Rachel Held Evans has written a thought provoking piece about why Millenials are leaving the church. She writes about how frustrating it is for her to give talks on this subject. She “points to research that shows young evangelicals often feel they have to choose between their intellectual integrity and their faith, between science and Christianity, between compassion and holiness” and then she “talks about how the evangelical obsession with sex can make Christian living seem like little more than sticking to a list of rules, and how millennials long for faith communities in which they are safe asking tough questions and wrestling with doubt”
Then she says this: “Invariably, after I’ve finished my presentation and opened the floor to questions, a pastor raises his hand and says, “So what you’re saying is we need hipper worship bands. …And I proceed to bang my head against the podium.”
So far so good. Rachel, I think, wants pastors to see that it’s substance, not style, that matters. But then she says:
“Many of us, myself included, are finding ourselves increasingly drawn to high church traditions – Catholicism, Eastern Orthodoxy, the Episcopal Church, etc. – precisely because the ancient forms of liturgy seem so unpretentious, so unconcerned with being “cool,” and we find that refreshingly authentic.”
BANG. BANG. BANG. That’s me, banging my head against her podium.
Why, after telling us that the issue is substance, not style, does she immediately lead us into a discussion of style: about how high church and ancient forms of liturgy are better than low church, implying that chant is better than Hillsong, or that wine is better than grape juice, or that pews are better than chairs?
She seems to be doing the very thing she’s railing against: pointing to a certain style as ‘refreshingly authentic’ and in the process implying that churches where Sufjan Stevens’ arrangements of hymns, sung in candlelight, with good coffee afterwards, and a group of people heading off to the pub, is somehow less than going to Catholic mass.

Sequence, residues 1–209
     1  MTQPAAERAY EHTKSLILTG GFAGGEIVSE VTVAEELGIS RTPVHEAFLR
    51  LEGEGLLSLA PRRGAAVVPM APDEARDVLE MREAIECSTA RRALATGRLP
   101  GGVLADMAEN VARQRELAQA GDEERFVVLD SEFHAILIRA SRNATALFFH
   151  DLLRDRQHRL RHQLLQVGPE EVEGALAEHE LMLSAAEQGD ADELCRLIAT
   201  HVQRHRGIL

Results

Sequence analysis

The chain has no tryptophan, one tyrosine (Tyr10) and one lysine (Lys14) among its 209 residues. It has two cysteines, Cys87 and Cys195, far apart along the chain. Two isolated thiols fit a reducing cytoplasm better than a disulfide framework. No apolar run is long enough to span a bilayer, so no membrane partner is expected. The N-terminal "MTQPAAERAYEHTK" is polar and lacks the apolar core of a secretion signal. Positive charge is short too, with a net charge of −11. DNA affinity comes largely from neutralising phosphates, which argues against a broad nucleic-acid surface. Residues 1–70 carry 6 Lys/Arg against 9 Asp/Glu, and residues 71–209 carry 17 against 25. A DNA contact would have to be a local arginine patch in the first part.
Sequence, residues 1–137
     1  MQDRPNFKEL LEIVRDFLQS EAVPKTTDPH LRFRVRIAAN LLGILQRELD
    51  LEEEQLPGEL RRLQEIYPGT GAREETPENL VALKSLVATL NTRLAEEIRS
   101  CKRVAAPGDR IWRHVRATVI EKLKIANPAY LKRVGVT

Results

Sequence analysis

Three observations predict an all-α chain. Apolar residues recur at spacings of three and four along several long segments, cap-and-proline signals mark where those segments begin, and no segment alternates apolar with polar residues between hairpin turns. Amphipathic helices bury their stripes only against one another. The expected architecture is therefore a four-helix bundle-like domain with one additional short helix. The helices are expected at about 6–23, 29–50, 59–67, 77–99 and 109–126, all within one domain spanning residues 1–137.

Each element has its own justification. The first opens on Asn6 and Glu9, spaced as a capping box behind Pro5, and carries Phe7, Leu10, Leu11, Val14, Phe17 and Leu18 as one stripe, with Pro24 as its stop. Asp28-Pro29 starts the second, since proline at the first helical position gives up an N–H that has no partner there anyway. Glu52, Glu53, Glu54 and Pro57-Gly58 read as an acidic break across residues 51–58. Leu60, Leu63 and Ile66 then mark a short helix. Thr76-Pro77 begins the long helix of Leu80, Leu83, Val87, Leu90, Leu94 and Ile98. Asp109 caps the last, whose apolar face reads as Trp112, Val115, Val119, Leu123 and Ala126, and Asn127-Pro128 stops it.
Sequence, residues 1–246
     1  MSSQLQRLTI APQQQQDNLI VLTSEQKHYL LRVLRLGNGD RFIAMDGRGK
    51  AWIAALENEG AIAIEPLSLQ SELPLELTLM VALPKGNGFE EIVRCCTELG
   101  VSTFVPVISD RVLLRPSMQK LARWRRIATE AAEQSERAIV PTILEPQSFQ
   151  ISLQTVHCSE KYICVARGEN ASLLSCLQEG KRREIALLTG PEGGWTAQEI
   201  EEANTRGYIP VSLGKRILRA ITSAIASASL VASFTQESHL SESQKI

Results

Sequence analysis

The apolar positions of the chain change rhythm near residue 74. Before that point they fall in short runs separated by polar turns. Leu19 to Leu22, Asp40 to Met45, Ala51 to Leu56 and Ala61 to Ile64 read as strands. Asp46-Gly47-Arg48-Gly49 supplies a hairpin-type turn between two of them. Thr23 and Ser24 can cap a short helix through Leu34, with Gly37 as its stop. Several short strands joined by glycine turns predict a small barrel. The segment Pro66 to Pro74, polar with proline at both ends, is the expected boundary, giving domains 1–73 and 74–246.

Nope – wine, or Eastern Orthodox, or ancient hymns, or small, aren’t better. They’re not worse. They’re not the point. So please don’t tell us they are.
She writes: We want an end to the culture wars. We want to be known for what we stand for, not what we are against. I know a church filled with millenials, built on the notion that our calling is simple: Pursue justice and mercy in our world, and love too, along the lines of Micah 6:8 – provide shelter for people who don’t have a bed; provide fundamental medical care through a mobile clinic; provide food for those who are hungry, and a conversation too, at a community meal.
She writes: We want a truce between science and faith. I know a church that did a series on Science and Faith so that young people would no longer be forced to make a false choice between the two, completing the series with a Q and A panel discussion that included scientists, mostly advocates of theistic evolution, but who could also speak about intelligent design, earth age issues, and textual considerations along the lines of John Walton’s book.
I know church like that, because I serve a church like that, and for over a decade it’s fastest growing demographic has been the 18-35 category. We’re large. Our building is nice. We play Hillsong stuff. We have a good sound system. We serve grape juice, not wine. On the other hand, we’re not cool or hip. We don’t market aggressively. I’m the senior pastor, and I’m 57, and I wear preach in sweaters purchased at Goodwill. And young people attend – lots of young people.
If you asked me why they, I’d say Rachel’s right: Young people want a faith that calls them to justice, to comfort with ambiguity, to involvement, to compassion, to and integration of intellect and spirit. I’d add that young people also want to meet older Christians who have enough humility and love to mentor millenials, learn from them, and truly enjoy them. They want Bible teaching that doesn’t move to the answers too quickly on important issues, but is willing to look at all sides, including the important issues of sexuality. They want a vision that encourages them to move beyond spiritual consumerism into actual service.
But can we please, please, stop arguing about big church over small, traditional over contemporary, pews over chairs, Eastern Orthodox or Evangelical Free or whatever is the conflict de jour? The substance that’s needed has never changed: A world thirsting for Jesus is thirsting for hope, community, justice, peace, contentment, meaning, reconciliation. That substance can be found, or missing, no matter what it looks like on the outside. Let’s get on with being about that, in whatever church we find ourselves and then maybe, just maybe, we’ll stop talking about rearranging the chairs – again.